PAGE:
# proof of Lagrange’s four-square theorem

The following proof is essentially Lagrange’s original, from around 1770. First, we need three lemmas.

###### Lemma 1.

For any integers $a,b,c,d,w,x,y,z$,

 $\displaystyle(a^{2}+b^{2}+c^{2}+d^{2})(w^{2}+x^{2}+y^{2}+z^{2})$ $\displaystyle=$ $\displaystyle(aw+bx+cy+dz)^{2}$ $\displaystyle+$ $\displaystyle(ax-bw-cz+dy)^{2}$ $\displaystyle+$ $\displaystyle(ay+bz-cw-dx)^{2}$ $\displaystyle+$ $\displaystyle(az-by+cx-dw)^{2}.$

This is the Euler four-square identity, q.v., with different notation.

###### Lemma 2.

If $2m$ is a sum of two squares, then so is $m$.

###### Proof.

Say $2m=x^{2}+y^{2}$. Then $x$ and $y$ are both even or both odd. Therefore, in the identity

 $m=\Big{(}\frac{x-y}{2}\Big{)}^{2}+\Big{(}\frac{x+y}{2}\Big{)}^{2},$

both fractions on the right side are integers. ∎

###### Lemma 3.

If $p$ is an odd prime, then $a^{2}+b^{2}+1=kp$ for some integers $a,b,k$ with $0.

###### Proof.

Let $p=2n+1$. Consider the sets

 $A:=\{a^{2}\mid a=0,1,...,n\}\quad\mbox{ and }\quad B:=\{-b^{2}-1\mid b=0,1,...% ,n\}.$

We have the following facts:

1. 1.

No two elements in $A$ are congruent mod $p$, for if $a^{2}\equiv c^{2}\pmod{p}$, then either $p\mid(a-c)$ or $p\mid(a+c)$ by unique factorization of primes. Since $a-c,a+c\leq 2n, and $0\leq a,c$, we must have $a=c$.

2. 2.

Similarly, no two elements in $B$ are congruent mod $p$.

3. 3.

Furthermore, $A\cap B=\varnothing$ since elements of $A$ are all non-negative, while elements of $B$ are all negative.

4. 4.

Therefore, $C:=A\cup B$ has $2n+2$, or $p+1$ elements.

Therefore, by the pigeonhole principle, two elements in $C$ must be congruent mod $p$. In addition, by the first two facts, the two elements must come from different sets. As a result, we have the following equation:

 $a^{2}+b^{2}+1=kp$

for some $k$. Clearly $k$ is positive. Also, $p^{2}=(2n+1)^{2}>2n^{2}+1\geq a^{2}+b^{2}+1=kp$, so $p>k$. ∎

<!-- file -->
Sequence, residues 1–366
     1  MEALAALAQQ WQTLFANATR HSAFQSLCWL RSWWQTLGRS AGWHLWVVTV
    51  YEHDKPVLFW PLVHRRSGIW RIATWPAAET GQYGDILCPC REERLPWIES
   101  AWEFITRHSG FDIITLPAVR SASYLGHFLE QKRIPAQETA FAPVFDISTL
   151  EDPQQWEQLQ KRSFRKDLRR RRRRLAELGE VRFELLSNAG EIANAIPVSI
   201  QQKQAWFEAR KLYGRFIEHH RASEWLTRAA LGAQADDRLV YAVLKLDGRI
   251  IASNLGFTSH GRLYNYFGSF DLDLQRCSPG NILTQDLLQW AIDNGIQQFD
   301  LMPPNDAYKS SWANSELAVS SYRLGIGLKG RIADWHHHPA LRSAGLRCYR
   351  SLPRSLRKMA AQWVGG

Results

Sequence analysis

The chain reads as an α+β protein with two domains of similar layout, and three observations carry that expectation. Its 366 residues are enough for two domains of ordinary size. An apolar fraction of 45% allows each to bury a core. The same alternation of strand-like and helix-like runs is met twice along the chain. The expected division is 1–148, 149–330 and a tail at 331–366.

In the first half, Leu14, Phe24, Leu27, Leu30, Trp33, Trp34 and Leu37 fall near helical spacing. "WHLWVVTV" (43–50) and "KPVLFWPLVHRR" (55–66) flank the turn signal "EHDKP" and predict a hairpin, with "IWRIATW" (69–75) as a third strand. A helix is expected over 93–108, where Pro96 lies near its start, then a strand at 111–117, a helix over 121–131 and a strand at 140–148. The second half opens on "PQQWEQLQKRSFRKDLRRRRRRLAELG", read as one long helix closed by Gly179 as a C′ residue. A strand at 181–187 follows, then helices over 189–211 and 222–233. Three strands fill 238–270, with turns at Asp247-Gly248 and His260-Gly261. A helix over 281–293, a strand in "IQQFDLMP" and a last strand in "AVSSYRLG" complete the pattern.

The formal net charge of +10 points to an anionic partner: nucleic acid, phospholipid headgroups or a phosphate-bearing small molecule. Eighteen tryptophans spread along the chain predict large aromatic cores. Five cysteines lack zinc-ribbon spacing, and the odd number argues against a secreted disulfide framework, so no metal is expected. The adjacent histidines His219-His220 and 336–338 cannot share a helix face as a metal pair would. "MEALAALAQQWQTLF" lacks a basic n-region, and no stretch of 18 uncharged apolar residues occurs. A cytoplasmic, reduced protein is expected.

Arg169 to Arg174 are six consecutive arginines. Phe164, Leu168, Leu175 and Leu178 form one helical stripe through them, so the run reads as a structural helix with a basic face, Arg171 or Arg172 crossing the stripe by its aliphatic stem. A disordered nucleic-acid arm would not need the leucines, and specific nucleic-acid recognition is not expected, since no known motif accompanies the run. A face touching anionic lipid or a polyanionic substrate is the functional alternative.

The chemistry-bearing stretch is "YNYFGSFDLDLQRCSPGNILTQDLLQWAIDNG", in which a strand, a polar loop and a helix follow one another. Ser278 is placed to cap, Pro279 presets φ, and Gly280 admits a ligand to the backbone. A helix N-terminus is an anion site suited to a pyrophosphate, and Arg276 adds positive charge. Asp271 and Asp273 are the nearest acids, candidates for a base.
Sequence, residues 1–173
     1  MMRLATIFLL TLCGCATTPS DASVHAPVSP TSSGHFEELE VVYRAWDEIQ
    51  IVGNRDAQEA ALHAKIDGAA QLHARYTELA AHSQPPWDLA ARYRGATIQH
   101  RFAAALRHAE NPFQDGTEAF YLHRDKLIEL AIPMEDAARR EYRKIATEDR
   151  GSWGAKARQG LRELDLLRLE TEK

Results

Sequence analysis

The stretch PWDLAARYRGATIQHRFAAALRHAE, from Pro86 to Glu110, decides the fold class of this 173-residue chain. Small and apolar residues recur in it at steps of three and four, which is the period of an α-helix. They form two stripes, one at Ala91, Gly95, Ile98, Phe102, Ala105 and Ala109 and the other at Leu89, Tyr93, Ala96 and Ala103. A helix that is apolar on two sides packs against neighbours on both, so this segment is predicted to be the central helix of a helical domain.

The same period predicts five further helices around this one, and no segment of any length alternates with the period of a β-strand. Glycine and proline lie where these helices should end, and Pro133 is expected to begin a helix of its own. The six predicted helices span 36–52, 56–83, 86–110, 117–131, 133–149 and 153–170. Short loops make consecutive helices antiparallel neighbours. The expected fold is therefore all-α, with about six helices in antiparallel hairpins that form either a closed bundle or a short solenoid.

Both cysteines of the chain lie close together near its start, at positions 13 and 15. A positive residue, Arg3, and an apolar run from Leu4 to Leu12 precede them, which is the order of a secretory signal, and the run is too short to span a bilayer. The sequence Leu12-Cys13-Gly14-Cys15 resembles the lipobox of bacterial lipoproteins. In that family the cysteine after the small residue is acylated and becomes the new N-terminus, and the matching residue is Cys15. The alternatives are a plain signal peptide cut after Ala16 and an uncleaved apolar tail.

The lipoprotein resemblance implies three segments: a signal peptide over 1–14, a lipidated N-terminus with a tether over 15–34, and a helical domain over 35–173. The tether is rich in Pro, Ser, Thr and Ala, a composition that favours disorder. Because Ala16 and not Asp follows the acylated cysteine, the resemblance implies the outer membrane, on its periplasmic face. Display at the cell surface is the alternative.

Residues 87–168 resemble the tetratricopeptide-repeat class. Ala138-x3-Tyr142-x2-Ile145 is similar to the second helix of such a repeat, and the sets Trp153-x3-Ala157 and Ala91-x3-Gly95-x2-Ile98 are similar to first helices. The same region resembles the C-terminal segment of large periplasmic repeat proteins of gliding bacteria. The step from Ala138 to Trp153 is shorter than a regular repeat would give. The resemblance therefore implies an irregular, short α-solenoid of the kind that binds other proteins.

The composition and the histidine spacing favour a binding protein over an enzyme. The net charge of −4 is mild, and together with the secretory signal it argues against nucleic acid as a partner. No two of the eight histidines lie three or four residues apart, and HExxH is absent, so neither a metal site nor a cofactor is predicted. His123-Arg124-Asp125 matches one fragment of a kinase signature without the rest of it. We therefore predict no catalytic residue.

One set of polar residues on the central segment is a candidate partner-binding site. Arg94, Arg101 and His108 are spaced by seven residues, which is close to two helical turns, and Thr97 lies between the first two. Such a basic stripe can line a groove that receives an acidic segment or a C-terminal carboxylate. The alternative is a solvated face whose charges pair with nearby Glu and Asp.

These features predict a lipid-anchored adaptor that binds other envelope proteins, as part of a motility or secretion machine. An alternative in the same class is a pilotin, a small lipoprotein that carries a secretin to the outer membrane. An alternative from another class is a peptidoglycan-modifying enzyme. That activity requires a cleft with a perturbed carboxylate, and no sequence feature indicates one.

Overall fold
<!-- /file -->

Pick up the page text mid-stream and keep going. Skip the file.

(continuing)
Basically, Lemma 3 says that for any prime $p$, some multiple $0 of $p$ is a sum of four squares, since $a^{2}+b^{2}+1=a^{2}+b^{2}+1^{2}+0^{2}$.

###### Proof of Theorem.

By Lemma 1 we need only show that an arbitrary prime $p$ is a sum of four squares. Since that is trivial for $p=2$, suppose $p$ is odd. By Lemma 3, we know

 $mp=a^{2}+b^{2}+c^{2}+d^{2}$

for some $m,a,b,c,d$ with $0. If $m=1$, then we are done. To complete the proof, we will show that if $m>1$ then $np$ is a sum of four squares for some $n$ with $1\leq n.

If $m$ is even, then none, two, or all four of $a,b,c,d$ are even; in any of those cases, we may break up $a,b,c,d$ into two groups, each group containing elements of the same parity. Then Lemma 2 allows us to take $n=m/2$.

Now assume $m$ is odd but $>1$. Write

 $\displaystyle w$ $\displaystyle\equiv$ $\displaystyle a\pmod{m}$ $\displaystyle x$ $\displaystyle\equiv$ $\displaystyle b\pmod{m}$ $\displaystyle y$ $\displaystyle\equiv$ $\displaystyle c\pmod{m}$ $\displaystyle z$ $\displaystyle\equiv$ $\displaystyle d\pmod{m}$

where $w,x,y,z$ are all in the interval $(-m/2,m/2)$. We have

 $w^{2}+x^{2}+y^{2}+z^{2}<4\cdot\frac{m^{2}}{4}=m^{2}$
 $w^{2}+x^{2}+y^{2}+z^{2}\equiv 0\pmod{m}.$

So $w^{2}+x^{2}+y^{2}+z^{2}=nm$ for some integer non-negative $n$. Since $w^{2}+x^{2}+y^{2}+z^{2}, $n. In addition, if $n=0$, then $w=x=y=z=0$, so that $a\equiv b\equiv c\equiv d\equiv 0\pmod{m}$, which implies $mp=a^{2}+b^{2}+c^{2}+d^{2}=m^{2}q$, or that $m|p$. But $p$ is prime, forcing $m=p$, and contradicting $m. So $0. Look at the product $(a^{2}+b^{2}+c^{2}+d^{2})(w^{2}+x^{2}+y^{2}+z^{2})$ and examine Lemma 1. On the left is $nm^{2}p$. One the right, we have a sum of four squares. Evidently three of them

 $ax-bw-cz+dy=(ax-bw)+(dy-cz)$
 $ay+bz-cw-dx=(ay-cw)+(bz-dx)$
 $az-by+cx-dw=(az-dw)+(cx-by)$

are multiples of $m$. The same is true of the other sum on the right in Lemma 1:

 $aw+bx+cy+dz\equiv w^{2}+x^{2}+y^{2}+z^{2}\equiv 0\pmod{m}.$

The equation in Lemma 1 can therefore be divided through by $m^{2}$. The result is an expression for $np$ as a sum of four squares. Since $0, the proof is complete. ∎

Remark: Lemma 3 can be improved: it is enough for $p$ to be an odd number, not necessarily prime. But that stronger statement requires a longer proof.

Title proof of Lagrange’s four-square theorem ProofOfLagrangesFoursquareTheorem 2013-03-22 13:21:07 2013-03-22 13:21:07 CWoo (3771) CWoo (3771) 13 CWoo (3771) Proof msc 11P05